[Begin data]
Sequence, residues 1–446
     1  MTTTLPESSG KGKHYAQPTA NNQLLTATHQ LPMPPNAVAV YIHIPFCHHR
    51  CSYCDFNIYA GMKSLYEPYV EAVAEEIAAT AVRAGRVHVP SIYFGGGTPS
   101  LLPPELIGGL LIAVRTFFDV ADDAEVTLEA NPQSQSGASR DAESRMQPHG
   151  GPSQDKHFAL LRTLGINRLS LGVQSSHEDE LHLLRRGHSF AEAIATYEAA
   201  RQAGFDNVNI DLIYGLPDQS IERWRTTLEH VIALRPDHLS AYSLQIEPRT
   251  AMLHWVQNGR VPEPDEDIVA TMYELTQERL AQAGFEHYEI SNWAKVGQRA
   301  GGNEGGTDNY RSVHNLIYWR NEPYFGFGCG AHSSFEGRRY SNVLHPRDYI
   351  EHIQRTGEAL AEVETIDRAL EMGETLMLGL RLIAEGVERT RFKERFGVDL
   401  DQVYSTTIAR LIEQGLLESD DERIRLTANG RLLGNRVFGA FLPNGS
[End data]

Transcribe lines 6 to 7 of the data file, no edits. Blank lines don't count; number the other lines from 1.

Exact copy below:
   201  RQAGFDNVNI DLIYGLPDQS IERWRTTLEH VIALRPDHLS AYSLQIEPRT
   251  AMLHWVQNGR VPEPDEDIVA TMYELTQERL AQAGFEHYEI SNWAKVGQRA